10. 10.  Second trim correction This is a little more difficult to grasp. It isbecause there is in fact a second movement ofthe LCF caused because of the irregular hullshape of the vessel in trimmed condition. Theposition of the LCF in the ship’s hydrostatictables are given for a ship on even keel only, butif the ship is trimmed the waterline haschanged, causing a second movement to theLCF. The second trim correction is alwayspositive and fairly small, for example with aloaded Panamax at a one metre trim thecorrection should only be approximately 12tonnes, with a two metre trim approximately 50tonnes.
11. 11.  This second trim correction is calculated bythe following formula:Trim²(m) x ΔMTCT x 50 2nd Trim Correction: ----------------------------LBP In this formula the ΔMTCT is the difference ofMTCT values over a range of draft 50 cmabove and 50 cm below the corrected meandraft. This second trim correction is always addedto the displacement.
12. 12.  The second trim correction, sometimes called theNemoto correction, is intended to correct for themovement of the LCF with the change of trim. It wasdeduced by Mr Nemoto after observing a bulk carrierbeing built. The theory on which the second trimcorrection is based only holds true for small changesof trim so it is not strictly true for large trims. Pleasenote that the second trim correction is rather smallfor small trims, and rarely exceeding 30 tonnes forlarge vessels. It is often ignored but forcompleteness sake the second trim correction shouldalways be calculated. Density correction If the vessel is in a dock waterdensity then she is sitting differently in the waterthan she would be if in sea water so we are reading adifferent displacement from the hydrostatic tableswhich are derived for salt water only. The followingformula is simply the dock water formula convertedto a tonnage figure, not a millimetre value.
13. 13. (1.025 – dock density) x Displacement Density Correction: --------------------------1.025 And of course this is subtracted from thedisplacement if the dock water density isbelow 1.025 t/m³ It is worth mentioning at this point thatalthough we always consider the density ofsalt water to be 1.025 t/m³, if you were totake a reading in Mediterranean Sea portsyou would probably find it to be around the1.030 t/m³ to 1.033 t/m³ mark!
14. 14.  Please note that the ship’s standard hydrometeris not an accurate instrument when it comes tousing it to determine tonnage for a draft survey.It makes no allowance for the temperature of thewater which will change the density astemperature changes. Corrected displacement When the truedisplacement of the vessel is known it onlyrequires the subtraction of all the known weightson board and the subtraction of the ships lightdisplacement. What remains is either the vessels‘constant’ if in an empty condition or the cargoweight if in a loaded condition. The reason for two draft surveys is at first to findthe vessels constant and then include this in theknown weights when calculating the actual cargoon board after loading.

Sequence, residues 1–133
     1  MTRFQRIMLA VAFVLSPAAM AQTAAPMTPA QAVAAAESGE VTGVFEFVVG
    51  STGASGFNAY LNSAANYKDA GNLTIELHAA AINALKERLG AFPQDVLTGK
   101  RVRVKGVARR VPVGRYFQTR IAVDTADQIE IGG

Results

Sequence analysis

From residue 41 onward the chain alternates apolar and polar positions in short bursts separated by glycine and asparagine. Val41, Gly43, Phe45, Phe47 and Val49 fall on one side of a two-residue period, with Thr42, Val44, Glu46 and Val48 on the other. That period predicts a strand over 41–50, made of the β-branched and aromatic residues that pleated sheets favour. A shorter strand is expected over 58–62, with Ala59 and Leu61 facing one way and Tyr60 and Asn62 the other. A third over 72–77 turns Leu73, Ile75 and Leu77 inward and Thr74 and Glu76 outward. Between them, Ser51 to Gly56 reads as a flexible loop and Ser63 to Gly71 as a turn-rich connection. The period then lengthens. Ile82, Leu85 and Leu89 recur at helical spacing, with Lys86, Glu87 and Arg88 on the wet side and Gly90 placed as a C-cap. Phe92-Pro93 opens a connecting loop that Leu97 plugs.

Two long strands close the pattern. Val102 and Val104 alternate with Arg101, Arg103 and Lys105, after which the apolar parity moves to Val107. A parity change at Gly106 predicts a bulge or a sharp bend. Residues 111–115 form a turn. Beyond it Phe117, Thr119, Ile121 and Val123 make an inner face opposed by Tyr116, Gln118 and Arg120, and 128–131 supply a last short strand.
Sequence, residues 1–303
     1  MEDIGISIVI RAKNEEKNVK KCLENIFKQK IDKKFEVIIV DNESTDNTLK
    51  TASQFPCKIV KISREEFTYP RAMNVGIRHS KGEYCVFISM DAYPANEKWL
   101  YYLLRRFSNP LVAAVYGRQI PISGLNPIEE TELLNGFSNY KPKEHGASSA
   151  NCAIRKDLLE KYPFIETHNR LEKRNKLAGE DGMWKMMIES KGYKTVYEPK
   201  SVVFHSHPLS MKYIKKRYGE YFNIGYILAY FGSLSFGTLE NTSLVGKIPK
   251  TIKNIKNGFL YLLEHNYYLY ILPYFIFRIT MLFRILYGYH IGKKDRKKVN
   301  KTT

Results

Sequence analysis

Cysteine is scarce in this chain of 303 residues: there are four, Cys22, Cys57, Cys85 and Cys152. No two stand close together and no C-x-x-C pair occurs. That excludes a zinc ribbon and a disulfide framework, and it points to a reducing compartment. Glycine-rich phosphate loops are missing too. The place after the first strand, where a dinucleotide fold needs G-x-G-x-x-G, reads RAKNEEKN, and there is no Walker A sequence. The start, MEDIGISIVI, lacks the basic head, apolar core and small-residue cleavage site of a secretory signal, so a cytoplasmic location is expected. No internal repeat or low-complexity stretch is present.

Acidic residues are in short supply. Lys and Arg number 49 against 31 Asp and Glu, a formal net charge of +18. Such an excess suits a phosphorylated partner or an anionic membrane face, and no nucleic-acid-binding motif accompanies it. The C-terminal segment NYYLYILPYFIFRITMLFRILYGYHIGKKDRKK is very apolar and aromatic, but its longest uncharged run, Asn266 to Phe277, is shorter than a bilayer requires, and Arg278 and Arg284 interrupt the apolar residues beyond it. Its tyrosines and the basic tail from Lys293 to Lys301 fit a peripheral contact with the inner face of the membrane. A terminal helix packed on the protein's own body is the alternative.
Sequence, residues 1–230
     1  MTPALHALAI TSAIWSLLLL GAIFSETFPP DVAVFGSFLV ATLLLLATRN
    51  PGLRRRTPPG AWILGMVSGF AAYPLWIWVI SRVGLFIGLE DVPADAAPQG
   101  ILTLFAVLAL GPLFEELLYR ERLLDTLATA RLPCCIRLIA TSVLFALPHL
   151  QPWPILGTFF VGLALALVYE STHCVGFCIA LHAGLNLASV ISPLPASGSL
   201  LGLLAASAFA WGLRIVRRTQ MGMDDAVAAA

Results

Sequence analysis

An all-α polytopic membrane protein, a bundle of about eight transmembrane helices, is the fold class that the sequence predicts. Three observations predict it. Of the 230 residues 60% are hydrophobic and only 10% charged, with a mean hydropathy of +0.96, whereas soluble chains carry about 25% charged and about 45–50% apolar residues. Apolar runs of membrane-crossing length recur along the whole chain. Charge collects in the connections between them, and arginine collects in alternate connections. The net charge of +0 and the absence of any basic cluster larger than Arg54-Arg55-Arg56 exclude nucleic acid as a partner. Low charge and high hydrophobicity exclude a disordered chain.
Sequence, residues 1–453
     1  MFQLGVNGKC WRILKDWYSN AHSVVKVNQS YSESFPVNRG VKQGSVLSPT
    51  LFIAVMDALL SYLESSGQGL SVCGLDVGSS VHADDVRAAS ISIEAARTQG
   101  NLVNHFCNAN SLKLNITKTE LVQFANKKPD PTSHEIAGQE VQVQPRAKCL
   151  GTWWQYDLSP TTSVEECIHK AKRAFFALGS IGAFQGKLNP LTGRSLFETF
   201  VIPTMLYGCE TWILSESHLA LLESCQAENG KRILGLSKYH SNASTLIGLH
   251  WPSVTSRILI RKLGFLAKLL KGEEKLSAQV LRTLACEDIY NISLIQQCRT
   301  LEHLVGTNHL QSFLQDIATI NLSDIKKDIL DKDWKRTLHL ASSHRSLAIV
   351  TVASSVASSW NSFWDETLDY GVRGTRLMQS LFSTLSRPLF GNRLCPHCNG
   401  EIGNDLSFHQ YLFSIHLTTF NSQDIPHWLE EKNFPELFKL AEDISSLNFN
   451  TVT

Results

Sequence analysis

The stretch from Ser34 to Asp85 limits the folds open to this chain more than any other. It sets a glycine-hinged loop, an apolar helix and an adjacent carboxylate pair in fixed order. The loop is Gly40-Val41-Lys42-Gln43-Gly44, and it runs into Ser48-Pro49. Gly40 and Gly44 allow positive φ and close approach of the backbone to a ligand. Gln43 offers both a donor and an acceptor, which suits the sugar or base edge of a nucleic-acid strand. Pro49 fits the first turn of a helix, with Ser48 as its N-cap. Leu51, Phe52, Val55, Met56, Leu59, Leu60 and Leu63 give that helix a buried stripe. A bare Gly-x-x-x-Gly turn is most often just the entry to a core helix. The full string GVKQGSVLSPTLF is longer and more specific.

15. 15.  When taking a draft survey upon discharge thecargo weight plus constant are found in theinitial survey and the constant in the finalsurvey, subtract the constant from the initialfigure and you have the weight of cargodischarged.TRIM(cm) x LCF x TPC 1st Trim Correction: --------------------------------LBPx x = ---------------------------= tonnesLBP
16. 16.  Many commercial ships have a symbol called aLoad mark painted on each side of the ship.This symbol, also called an International loadline, or Plimsoll mark, marks the level to whichthe ship can be safely loaded. As cargo isbrought on board, the ship floats lower and thesymbol descends farther into the water. Before these symbols were madecompulsory, many ships were lost due tooverloading. Sometimes they were deliberatelyoverloaded in the hope of collecting insurancemoney. Ships carrying emigrants from Europe toAmerica were also lost. The British socialreformer and politician Samuel Plimsolladvocated improved safetystandards, particularly at sea, and the markbears his name in his honor.
17. 17.  The letters on the Load line markshave the following meanings: TF - Tropical Fresh Water F - Fresh Water T - Tropical Seawater S - Summer Seawater W - Winter Seawater WNA - Winter North Atlantic
18. 18.  Letters may also appear to the sides ofthe mark indicating the classificationsociety that has surveyed the vesselsload line. The initials used include AB forthe American Bureau of Shipping, LR forLloyds Register, and NV for Det NorskeVeritas.
19. 19.  These season and zone marks are used toensure adequate reserve buoyancy for theintended area of operation. Ships encounterrougher conditions in winter as opposed tosummer, and in the North Atlantic as opposedto tropical waters, for example. A copy of azone-chart must be on board in order toassure that the vessel is not overloaded. Fresh water marks make allowance for thefact that the ship will float deeper in freshwater.
20. 20.  A draft survey is a means of determining theweight of any materials being loaded into (ordischarged from) a vessel. SGS’s experiencedand highly qualified professionals can conduct adraft survey on your behalf and produce anindependent draft survey report. The vessel draft survey measures thedisplacement of the water both before and afterthe loading or unloading, with the resultingdifference between the two displacementsrepresenting the weight of the cargo. Oursurveyors work according to definedinternational guidelines when determining theweight of the cargo and consider several keyfactors while making their surveys. These factorsinclude:
21. 21.  Water density of the sea, river or otherwaterway Changes in the ballast quantity betweeninitial and final draft readings Changes in the vessel’s consumables (e.g.fuel oil, drinking water) between initialand final draft readings Trim and deformation corrections (we usedata from the vessel’s draft tables) The accuracy of a weight determined bydraft survey also depends upon the seaconditions (pitch and swell) at the time ofloading or discharge.
22. 22.  Angelo James Mendoza